As part of National Cybersecurity Awareness Month, the U.S. Food and Drug Administration (FDA) took some time to reflect on the advances its medical device cybersecurity program has made during the year:

While COVID-19 has presented many challenges, we have already learned much through our response efforts, to include addressing medical device issues related to physical and cybersecurity supply chains, telemedicine, and the shift to remote workforces, among other issues.

Cyber safety is a shared responsibility. We encourage everyone to consider the importance of cybersecurity and remain aware throughout the year when it comes to the technology we rely on every day—including the security of medical devices.

In 2020, the FDA continued to ensure medical device cybersecurity safety and awareness by:

  • Informing patients, health care providers and manufacturers of cybersecurity vulnerabilities, which may introduce risks for certain medical devices, and providing recommendations in safety communications;
  • Participating in the National Telecommunications and Information Administration’s Software Transparency Initiative as a part of the healthcare Proof of Concept (PoC). The healthcare PoC is a collaborative effort between healthcare delivery organizations, medical device manufacturers, and other public health stakeholders to establish a prototype Software Bill of Materials (SBOM) format and exercise use cases for SBOM production and consumption;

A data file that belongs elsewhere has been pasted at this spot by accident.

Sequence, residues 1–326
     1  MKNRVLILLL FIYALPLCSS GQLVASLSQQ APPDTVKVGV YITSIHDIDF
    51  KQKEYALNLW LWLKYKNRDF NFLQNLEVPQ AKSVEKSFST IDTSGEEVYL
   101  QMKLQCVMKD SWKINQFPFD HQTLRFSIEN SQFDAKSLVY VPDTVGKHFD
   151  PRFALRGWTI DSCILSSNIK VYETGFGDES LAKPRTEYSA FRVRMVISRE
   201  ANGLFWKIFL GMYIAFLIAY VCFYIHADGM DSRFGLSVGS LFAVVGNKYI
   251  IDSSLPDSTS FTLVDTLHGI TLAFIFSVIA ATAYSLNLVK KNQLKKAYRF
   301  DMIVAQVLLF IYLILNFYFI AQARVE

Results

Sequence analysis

• Serving as a co-chair for the International Medical Device Regulators Forum Cybersecurity Working Group tasked with drafting a global medical device cybersecurity guide. The purpose of the guide is to promote a globally harmonized approach to medical device cybersecurity that at a fundamental level ensures the safety and performance of medical devices while encouraging innovation. The guide was finalized in March 2020.
  • Serving as co-chair for two Healthcare Sector Coordinating Council (HSCC) Task Groups: the Legacy Device Task Group, focused on how to address issues of old, outdated technologies in healthcare environments; and the Vulnerability Communications Task Group, focused on developing updated strategies for communicating cybersecurity vulnerability information to healthcare stakeholders.
  • Funding a series of threat modeling bootcamps, developed and hosted by MDIC and MITRE in partnership, to highlight the importance of threat modeling during the development, deployment, and maintenance of connected medical devices, and to provide training to industry representatives on threat modeling best practices and strategies.

The FDA takes medical device cybersecurity seriously. We are committed to mitigating the risks that cybersecurity vulnerabilities can pose to patient safety and public health, without decreasing the benefits of interconnected medical devices. As technology continues to connect, transform, and evolve, cybersecurity threats are never far behind. For this reason, it is vital that medical device cyber safety is considered a shared responsibility for all stakeholders, including medical device manufacturers, government agencies, health care organizations, health care professionals, cybersecurity researchers, and medical device users throughout the U.S. and abroad.

We remind everyone to remain aware and committed to using cybersecurity best practices and good cyber hygiene. Although we continuously face new challenges in medical device cybersecurity, we must remain committed to working together to protect public health.

For more information, visit the FDA